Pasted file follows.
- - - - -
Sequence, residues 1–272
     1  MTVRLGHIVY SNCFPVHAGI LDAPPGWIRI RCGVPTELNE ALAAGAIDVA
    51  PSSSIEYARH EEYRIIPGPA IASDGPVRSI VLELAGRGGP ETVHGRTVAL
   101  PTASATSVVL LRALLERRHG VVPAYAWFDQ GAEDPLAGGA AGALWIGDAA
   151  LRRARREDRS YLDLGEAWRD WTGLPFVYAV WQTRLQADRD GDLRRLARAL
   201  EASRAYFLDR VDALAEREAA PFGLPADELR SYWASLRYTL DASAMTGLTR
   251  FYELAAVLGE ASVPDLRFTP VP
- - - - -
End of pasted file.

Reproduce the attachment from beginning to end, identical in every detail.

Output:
Sequence, residues 1–272
     1  MTVRLGHIVY SNCFPVHAGI LDAPPGWIRI RCGVPTELNE ALAAGAIDVA
    51  PSSSIEYARH EEYRIIPGPA IASDGPVRSI VLELAGRGGP ETVHGRTVAL
   101  PTASATSVVL LRALLERRHG VVPAYAWFDQ GAEDPLAGGA AGALWIGDAA
   151  LRRARREDRS YLDLGEAWRD WTGLPFVYAV WQTRLQADRD GDLRRLARAL
   201  EASRAYFLDR VDALAEREAA PFGLPADELR SYWASLRYTL DASAMTGLTR
   251  FYELAAVLGE ASVPDLRFTP VP